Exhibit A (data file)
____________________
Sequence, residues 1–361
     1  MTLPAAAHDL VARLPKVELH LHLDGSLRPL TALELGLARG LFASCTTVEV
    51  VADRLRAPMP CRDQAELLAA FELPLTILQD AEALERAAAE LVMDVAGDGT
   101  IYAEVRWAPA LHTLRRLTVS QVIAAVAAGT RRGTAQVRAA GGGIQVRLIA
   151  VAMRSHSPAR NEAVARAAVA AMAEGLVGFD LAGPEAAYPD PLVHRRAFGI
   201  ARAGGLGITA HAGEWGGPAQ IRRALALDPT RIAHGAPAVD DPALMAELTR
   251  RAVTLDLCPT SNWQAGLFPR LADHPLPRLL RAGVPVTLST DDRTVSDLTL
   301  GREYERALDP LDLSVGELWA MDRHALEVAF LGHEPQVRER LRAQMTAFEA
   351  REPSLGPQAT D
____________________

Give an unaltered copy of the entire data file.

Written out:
Sequence, residues 1–361
     1  MTLPAAAHDL VARLPKVELH LHLDGSLRPL TALELGLARG LFASCTTVEV
    51  VADRLRAPMP CRDQAELLAA FELPLTILQD AEALERAAAE LVMDVAGDGT
   101  IYAEVRWAPA LHTLRRLTVS QVIAAVAAGT RRGTAQVRAA GGGIQVRLIA
   151  VAMRSHSPAR NEAVARAAVA AMAEGLVGFD LAGPEAAYPD PLVHRRAFGI
   201  ARAGGLGITA HAGEWGGPAQ IRRALALDPT RIAHGAPAVD DPALMAELTR
   251  RAVTLDLCPT SNWQAGLFPR LADHPLPRLL RAGVPVTLST DDRTVSDLTL
   301  GREYERALDP LDLSVGELWA MDRHALEVAF LGHEPQVRER LRAQMTAFEA
   351  REPSLGPQAT D